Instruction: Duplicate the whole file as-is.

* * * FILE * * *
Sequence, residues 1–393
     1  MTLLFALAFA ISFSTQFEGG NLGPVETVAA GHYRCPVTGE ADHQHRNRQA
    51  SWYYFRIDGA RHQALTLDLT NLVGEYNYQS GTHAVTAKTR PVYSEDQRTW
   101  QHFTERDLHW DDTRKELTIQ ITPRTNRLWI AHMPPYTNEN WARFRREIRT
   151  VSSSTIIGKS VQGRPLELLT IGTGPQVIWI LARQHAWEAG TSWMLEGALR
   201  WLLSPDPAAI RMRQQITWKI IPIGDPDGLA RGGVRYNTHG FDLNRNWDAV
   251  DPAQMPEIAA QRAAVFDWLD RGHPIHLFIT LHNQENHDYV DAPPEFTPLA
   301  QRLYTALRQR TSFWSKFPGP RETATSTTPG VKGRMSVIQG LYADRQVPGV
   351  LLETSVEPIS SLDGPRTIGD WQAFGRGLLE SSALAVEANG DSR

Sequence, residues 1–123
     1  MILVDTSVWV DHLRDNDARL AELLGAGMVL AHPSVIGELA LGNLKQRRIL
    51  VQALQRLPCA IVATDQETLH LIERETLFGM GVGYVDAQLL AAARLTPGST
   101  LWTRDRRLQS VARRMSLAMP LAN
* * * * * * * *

Sequence, residues 1–393
     1  MTLLFALAFA ISFSTQFEGG NLGPVETVAA GHYRCPVTGE ADHQHRNRQA
    51  SWYYFRIDGA RHQALTLDLT NLVGEYNYQS GTHAVTAKTR PVYSEDQRTW
   101  QHFTERDLHW DDTRKELTIQ ITPRTNRLWI AHMPPYTNEN WARFRREIRT
   151  VSSSTIIGKS VQGRPLELLT IGTGPQVIWI LARQHAWEAG TSWMLEGALR
   201  WLLSPDPAAI RMRQQITWKI IPIGDPDGLA RGGVRYNTHG FDLNRNWDAV
   251  DPAQMPEIAA QRAAVFDWLD RGHPIHLFIT LHNQENHDYV DAPPEFTPLA
   301  QRLYTALRQR TSFWSKFPGP RETATSTTPG VKGRMSVIQG LYADRQVPGV
   351  LLETSVEPIS SLDGPRTIGD WQAFGRGLLE SSALAVEANG DSR

Sequence, residues 1–123
     1  MILVDTSVWV DHLRDNDARL AELLGAGMVL AHPSVIGELA LGNLKQRRIL
    51  VQALQRLPCA IVATDQETLH LIERETLFGM GVGYVDAQLL AAARLTPGST
   101  LWTRDRRLQS VARRMSLAMP LAN